Other Minds: The Octopus, the Sea and the Deep Origins of Consciousness (Peter Godfrey-Smith, HarperCollins)
When we think of intelligence in the animal kingdom, it is usually the mammals that spring to mind, like dogs or chimps—the creatures that we can most easily identify with. Yet evolution has produced a separate branch of animals whose brains and nervous systems are as large and complex as our own, who can learn to manipulate tools, remember intricate navigation routes and recognise individual humans. These are the cephalopods, a group of creatures including squid, cuttlefish and the octopus. What is it like to be an octopus? And what are we to them? In this beautifully balanced book, Australia-born, US-based author and professor Peter Godfrey-Smith writes with both the knowledge of a scientist and the wonder of an observer in an alien world. Interspersed with the history of how these animals evolved is the author’s own deeply personal interactions with them. How is it that these animals are so smart and yet live such short lives? What does this tell us about our own intelligence, and how we judge the consciousness of others? For those who enjoy the works of Fred Pearce, George Monbiot and Sy Montgomery, this is a welcome addition to the field of popular science.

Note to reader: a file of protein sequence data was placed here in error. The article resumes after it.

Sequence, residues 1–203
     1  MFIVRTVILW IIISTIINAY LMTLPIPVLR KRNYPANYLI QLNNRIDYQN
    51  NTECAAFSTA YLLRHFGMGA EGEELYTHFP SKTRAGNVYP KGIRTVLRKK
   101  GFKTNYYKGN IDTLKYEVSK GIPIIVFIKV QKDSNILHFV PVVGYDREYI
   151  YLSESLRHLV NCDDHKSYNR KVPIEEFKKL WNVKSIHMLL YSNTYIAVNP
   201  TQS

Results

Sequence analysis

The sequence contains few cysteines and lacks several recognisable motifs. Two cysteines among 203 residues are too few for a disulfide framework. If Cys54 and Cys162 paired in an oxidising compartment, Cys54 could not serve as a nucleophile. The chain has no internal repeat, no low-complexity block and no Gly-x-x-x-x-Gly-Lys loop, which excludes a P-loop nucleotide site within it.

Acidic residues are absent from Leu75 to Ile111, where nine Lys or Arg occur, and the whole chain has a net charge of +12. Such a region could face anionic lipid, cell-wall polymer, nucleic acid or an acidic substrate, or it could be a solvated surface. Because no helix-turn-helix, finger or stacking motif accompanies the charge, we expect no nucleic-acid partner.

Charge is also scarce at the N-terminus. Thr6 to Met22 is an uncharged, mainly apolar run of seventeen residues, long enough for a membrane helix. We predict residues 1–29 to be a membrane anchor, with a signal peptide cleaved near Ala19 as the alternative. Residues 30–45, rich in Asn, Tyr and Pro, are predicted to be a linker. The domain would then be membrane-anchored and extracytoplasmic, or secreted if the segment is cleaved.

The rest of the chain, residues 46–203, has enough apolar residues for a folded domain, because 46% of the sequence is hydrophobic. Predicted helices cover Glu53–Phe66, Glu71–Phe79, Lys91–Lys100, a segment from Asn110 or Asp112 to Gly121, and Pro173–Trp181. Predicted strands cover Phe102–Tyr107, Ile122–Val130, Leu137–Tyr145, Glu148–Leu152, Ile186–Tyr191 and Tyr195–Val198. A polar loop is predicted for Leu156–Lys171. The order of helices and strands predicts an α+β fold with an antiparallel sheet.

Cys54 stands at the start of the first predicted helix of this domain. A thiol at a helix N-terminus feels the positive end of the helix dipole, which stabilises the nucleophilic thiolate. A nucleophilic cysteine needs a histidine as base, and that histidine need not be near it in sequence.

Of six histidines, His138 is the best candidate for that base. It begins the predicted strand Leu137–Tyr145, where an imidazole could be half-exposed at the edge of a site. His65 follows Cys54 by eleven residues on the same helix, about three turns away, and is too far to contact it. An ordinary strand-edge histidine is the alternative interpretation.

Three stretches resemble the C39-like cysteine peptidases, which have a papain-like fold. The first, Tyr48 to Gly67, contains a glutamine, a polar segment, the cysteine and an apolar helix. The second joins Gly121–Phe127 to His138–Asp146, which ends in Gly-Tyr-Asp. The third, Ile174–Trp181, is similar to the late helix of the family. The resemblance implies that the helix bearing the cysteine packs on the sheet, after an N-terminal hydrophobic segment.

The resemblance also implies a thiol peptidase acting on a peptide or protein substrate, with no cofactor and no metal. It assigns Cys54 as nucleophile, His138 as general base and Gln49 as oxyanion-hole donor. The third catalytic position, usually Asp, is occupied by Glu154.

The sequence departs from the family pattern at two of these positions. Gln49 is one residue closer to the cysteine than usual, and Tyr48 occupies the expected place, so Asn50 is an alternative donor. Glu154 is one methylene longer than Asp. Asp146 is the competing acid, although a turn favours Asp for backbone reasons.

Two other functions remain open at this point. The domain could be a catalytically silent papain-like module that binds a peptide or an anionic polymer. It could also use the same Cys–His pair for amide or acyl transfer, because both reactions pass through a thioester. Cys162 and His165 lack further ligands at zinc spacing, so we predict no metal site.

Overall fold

Helene Ephraim is a freelance reviewer who has worked as a bookseller and librarian